Huatulco, Oaxaca – From cloud forest to jungle

The region is somewhat odd. Most Indígenas live in very primitive shacks. A not inconsiderable amount of the male population stumbles along the road, lies sleeping in the ditch, or sits around with a vacant look in their eyes. I guess that the men here are of no use and the main burden of working is left to the women. This delirium-like state is caused by alcohol and other intoxicants. It is a weekday right after breakfast. Some of the less drunken ones raise their bottles to us and beckon us to drink with them. With pleasure, maybe next time. The unusually strong military presence confirms our feeling that money isn’t always earned legally here.

There is no direct connection from Oaxaca to the state of Chiapas located to the east. One either has to head via the gulf coast in the north or the Pacific. We decide in favour the shorter southern route and fight our way through one of many mountain chains in Mexico, the Sierra Madre del Sur. This road contains more curves than anything else we have seen in this country. It takes us into the foggy, rainy cool at 2,800, covered with landslides. On descending agave and conifers soon give way to lush tropical vegetation with huge banana plants, mango and palm trees, ferns and bromeliads. A parrot crosses the road flying. The tropics’ sunny mugginess reaches for us.

In the afternoon we reach Huatulco. A mega-tourism project that puts even Cancun in the shade shall evolve as the government wants where some years ago only a fishing village and undergrowth spread on the beach. At least the jungle around was declared a national park and ugly multi-storey buildings are unwelcome. Anyhow, there aren’t many hotels yet and if there will be many in the future is doubtful since there is no feeder infrastructure. The only campground in the area is used as a beach parking, and there doesn’t seem to be any camping due to locked bathrooms and showers. But at least it’s free of charge. When parking here, take care not to stand under a coconut palm with fruits that could cause severe damages on a camper’s roof or solar panel.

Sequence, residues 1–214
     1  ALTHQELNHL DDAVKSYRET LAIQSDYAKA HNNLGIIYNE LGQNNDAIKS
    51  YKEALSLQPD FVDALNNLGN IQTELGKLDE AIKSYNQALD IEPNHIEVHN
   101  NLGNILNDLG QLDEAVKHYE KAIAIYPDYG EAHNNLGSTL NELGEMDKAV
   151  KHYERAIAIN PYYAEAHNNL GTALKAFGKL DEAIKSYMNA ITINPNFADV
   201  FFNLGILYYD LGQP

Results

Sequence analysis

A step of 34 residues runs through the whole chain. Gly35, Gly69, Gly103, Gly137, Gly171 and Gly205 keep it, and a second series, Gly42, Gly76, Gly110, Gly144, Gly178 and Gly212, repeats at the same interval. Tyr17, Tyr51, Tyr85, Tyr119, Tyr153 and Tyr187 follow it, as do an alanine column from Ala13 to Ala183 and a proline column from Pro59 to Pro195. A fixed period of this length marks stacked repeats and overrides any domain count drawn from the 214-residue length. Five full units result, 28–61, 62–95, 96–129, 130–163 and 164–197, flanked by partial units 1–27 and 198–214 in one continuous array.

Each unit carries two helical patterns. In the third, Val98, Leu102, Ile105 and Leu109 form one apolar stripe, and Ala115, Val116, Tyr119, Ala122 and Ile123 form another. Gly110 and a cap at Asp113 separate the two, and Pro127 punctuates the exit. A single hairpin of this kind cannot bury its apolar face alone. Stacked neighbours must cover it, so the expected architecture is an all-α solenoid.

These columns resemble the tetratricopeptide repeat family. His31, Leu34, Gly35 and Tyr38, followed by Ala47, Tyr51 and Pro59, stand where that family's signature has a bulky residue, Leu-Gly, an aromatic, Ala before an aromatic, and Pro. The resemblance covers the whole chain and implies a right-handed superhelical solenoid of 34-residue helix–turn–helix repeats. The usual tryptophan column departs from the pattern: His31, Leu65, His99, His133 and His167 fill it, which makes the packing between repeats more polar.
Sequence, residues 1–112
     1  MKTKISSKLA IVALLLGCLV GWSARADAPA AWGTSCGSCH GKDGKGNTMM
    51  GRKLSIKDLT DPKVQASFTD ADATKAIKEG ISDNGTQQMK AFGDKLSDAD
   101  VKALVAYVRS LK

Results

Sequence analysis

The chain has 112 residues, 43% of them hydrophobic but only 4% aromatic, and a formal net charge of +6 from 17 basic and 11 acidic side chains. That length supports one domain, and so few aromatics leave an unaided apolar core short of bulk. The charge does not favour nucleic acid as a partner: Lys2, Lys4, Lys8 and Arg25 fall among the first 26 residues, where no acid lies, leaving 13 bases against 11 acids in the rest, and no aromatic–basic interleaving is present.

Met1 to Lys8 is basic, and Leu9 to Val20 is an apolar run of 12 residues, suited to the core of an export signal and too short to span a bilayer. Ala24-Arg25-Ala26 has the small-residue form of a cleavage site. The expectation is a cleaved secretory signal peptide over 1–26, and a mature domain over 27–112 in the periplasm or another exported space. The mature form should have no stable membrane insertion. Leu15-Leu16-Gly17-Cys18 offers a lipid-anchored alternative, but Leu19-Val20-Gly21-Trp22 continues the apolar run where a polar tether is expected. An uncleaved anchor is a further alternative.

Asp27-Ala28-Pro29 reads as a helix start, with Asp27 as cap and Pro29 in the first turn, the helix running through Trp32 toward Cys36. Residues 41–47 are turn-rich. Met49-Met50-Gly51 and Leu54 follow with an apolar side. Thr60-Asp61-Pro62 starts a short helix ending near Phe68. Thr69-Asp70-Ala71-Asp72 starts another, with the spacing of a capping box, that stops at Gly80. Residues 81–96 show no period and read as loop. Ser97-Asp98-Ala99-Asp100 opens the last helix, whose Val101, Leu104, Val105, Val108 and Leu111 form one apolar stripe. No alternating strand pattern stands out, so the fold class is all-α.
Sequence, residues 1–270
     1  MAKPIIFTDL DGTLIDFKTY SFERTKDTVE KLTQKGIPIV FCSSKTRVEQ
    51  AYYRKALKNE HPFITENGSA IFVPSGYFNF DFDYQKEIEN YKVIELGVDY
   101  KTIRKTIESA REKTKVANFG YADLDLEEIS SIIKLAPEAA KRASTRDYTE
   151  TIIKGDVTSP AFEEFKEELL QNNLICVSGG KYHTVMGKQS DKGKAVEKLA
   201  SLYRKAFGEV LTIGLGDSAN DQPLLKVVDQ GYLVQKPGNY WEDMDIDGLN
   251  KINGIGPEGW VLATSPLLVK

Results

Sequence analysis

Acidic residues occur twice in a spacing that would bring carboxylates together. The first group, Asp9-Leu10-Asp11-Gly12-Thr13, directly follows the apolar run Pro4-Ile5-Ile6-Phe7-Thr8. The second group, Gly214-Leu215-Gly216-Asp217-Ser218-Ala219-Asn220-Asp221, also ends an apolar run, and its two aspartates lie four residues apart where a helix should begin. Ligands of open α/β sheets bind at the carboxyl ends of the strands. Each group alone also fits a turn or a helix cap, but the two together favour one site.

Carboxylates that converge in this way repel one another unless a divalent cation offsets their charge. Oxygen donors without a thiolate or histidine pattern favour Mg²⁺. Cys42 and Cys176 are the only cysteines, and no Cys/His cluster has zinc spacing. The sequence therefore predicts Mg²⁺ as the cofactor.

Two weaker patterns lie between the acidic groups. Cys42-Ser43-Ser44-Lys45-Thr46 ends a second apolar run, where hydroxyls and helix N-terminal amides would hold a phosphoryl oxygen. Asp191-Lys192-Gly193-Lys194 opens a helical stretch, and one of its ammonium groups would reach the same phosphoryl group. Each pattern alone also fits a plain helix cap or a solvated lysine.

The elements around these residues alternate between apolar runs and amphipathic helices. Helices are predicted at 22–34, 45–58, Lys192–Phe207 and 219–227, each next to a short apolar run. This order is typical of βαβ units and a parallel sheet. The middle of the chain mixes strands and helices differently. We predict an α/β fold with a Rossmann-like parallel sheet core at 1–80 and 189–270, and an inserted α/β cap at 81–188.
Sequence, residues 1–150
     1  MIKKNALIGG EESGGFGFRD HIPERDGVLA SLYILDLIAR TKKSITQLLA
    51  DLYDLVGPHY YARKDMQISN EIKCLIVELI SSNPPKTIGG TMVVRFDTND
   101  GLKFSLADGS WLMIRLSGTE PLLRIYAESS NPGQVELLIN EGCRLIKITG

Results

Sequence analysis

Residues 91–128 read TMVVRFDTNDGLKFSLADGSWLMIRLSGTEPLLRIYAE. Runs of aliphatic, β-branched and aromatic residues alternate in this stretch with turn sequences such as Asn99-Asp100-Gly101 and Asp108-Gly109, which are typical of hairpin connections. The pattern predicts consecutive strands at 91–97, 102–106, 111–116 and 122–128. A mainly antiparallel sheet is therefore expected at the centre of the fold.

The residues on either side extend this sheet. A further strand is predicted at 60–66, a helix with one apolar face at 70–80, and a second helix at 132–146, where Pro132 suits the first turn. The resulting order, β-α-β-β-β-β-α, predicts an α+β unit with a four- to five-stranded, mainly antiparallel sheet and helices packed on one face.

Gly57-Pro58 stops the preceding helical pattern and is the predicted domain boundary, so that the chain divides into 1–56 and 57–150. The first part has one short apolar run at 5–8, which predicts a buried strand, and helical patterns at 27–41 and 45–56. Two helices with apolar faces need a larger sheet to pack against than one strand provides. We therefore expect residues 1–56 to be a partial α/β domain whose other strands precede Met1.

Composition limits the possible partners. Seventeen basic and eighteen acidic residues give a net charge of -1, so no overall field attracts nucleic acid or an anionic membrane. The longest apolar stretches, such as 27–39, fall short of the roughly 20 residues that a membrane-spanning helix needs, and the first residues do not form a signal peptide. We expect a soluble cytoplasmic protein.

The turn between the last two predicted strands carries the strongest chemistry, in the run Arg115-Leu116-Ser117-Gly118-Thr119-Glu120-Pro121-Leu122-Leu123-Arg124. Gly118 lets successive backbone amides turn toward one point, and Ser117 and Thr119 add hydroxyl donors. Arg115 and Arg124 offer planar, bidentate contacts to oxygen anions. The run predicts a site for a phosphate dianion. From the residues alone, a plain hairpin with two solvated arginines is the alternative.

To get to the beach we have to cross the jungle that’s flooded in rainy season. Some stepping stones and semi-rotted wood pallets make for an adventurous way through the swamp. The beach is shared with few hotels, but there’s not much going on. Despite the protected bay impressive Pacific waves run in. There is not really cooling from the tropical heat. The sea has 30° C and swimming is like a sportive interlude: Waiting for some smaller waves, dashing into the water, dipping in and immediately running out before the next big wave brakes and pulls us into the ocean with its mighty undercurrent. The good site would cost 50 MXN pp if operating. Club de Playa Tangolunda, Bahías de Huatulco, N 15°46’23.0’’ W 96°05’59.1’’.

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